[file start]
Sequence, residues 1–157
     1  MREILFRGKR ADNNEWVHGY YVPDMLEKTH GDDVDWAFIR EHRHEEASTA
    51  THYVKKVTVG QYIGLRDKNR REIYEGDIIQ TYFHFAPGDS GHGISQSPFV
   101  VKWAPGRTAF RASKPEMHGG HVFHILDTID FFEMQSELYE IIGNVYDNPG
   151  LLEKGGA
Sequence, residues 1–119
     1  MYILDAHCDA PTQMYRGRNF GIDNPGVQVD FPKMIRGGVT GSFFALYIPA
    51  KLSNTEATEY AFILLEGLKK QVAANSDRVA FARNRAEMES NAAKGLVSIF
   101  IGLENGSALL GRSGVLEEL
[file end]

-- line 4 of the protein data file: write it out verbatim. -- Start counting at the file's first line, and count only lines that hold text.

   101  VKWAPGRTAF RASKPEMHGG HVFHILDTID FFEMQSELYE IIGNVYDNPG